Scott Elbert underwent appendectomy in January

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From Eric Stephen at SB Nation’s True Blue LA:

GLENDALE — Dodgers relief pitcher Scott Elbert had his appendix removed on January 28, delaying his rehab from Tommy John surgery.

“It didn’t burst, but it was going to,” Elbert said. “It was hurting for a couple days and I didn’t know what it was, I thought it was the flu virus.”

Elbert was already expected to miss the first two months of the 2014 season for elbow rehab, and this appendectomy might tack on another few weeks.

The 28-year-old left-hander posted an impressive 2.32 ERA and 8.6 K/9 in 90 appearances for the Dodgers between 2011-2012, but injuries have been a near-constant frustration for him in recent years. Elbert was the 17th overall pick in the 2004 MLB Amateur Draft out of Seneca High School near Joplin, Missouri.

Aaron Judge set a new postseason strikeout record

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For a few days, it looked like Aaron Judge was finally hitting his stride in the postseason. He was still striking out at a regular clip, piling more and more strikeouts atop the 16 he racked up in the Division Series, but he was mashing, too. He engineered a three-run homer during Game 3 of the Championship Series, followed by another blast and game-tying double in Game 4. His one-out double helped pad a five-run lead in Game 5, while his 425-footer off of Brad Peacock barely made a dent during a 7-1 loss in Game 6. And then Lance McCullers‘ curveball found and fooled him, as it did five of the 14 batters it met in Game 7:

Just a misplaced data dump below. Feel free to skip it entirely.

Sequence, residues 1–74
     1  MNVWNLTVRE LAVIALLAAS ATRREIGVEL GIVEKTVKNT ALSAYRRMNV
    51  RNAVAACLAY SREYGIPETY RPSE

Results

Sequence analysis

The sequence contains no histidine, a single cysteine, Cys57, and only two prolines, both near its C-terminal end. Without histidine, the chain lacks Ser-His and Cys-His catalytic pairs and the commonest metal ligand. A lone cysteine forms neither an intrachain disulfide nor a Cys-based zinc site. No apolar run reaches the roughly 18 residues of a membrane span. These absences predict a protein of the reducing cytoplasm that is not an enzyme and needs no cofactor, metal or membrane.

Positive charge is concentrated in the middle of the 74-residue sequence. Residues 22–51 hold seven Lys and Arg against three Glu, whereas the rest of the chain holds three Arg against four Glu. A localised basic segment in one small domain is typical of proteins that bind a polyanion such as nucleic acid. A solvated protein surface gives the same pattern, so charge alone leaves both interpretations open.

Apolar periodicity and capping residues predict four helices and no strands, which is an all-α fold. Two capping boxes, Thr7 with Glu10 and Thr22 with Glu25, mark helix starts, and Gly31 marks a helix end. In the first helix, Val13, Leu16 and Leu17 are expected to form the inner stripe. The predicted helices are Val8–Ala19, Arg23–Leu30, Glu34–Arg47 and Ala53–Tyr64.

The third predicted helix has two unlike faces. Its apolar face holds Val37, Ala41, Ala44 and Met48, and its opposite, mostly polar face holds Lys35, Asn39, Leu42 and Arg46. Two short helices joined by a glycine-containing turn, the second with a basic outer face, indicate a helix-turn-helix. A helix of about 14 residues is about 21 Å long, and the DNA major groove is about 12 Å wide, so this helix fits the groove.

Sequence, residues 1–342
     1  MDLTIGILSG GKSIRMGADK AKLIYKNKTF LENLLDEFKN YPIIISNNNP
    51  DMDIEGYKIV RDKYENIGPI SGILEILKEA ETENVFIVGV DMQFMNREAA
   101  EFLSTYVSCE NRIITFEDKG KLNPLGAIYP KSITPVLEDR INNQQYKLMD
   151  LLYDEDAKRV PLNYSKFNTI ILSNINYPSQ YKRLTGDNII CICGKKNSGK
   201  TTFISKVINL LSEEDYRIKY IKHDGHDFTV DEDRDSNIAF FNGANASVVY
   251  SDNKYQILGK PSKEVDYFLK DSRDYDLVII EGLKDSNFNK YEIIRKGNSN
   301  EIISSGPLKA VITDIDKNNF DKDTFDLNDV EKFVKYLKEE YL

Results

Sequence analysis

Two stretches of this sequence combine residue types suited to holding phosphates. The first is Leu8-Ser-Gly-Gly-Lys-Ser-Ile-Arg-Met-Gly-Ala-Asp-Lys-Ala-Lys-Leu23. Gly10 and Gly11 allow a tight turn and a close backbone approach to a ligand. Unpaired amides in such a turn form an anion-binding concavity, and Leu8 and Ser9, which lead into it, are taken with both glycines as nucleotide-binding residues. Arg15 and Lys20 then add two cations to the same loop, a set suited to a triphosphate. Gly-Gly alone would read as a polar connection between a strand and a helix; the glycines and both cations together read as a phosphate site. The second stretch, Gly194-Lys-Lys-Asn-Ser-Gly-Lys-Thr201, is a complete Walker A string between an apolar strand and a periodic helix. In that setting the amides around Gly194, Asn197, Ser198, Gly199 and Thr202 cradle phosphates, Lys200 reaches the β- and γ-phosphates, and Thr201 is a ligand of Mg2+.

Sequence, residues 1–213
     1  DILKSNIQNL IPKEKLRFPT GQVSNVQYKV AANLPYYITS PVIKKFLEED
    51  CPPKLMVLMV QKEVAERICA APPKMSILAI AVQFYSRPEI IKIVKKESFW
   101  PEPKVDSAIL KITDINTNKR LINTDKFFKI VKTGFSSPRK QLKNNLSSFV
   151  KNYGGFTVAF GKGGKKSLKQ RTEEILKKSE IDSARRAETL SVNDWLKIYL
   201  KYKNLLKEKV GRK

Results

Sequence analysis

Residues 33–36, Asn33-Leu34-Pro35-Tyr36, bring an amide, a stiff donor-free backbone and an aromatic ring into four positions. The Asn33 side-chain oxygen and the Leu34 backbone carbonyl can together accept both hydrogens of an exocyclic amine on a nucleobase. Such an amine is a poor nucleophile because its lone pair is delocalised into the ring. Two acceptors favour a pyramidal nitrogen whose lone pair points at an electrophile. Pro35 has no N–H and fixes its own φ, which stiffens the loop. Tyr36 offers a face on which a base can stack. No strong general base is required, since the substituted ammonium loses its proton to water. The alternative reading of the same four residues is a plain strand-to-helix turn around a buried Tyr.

The strikeout was Judge’s first of the evening and 27th since the start of the playoffs. No other major league batter has racked up that many strikeouts in a single postseason, though Alfonso Soriano’s 26-strikeout record in 2003 comes the closest. Within that record, Judge also collected three golden sombreros (four strikeouts in a single game), narrowly avoiding the dreaded platinum sombrero (five strikeouts in a single game).

It’s an unfortunate footnote to a spectacular year for the rookie outfielder, who decimated the competition with 52 home runs and 8.2 fWAR during the regular season and was a pivotal part of the Yankees’ playoff run. Thankfully, the image of McCullers’ curveball darting just under Judge’s bat won’t be the image that sticks with us for years to come. Instead, it’ll look something like this: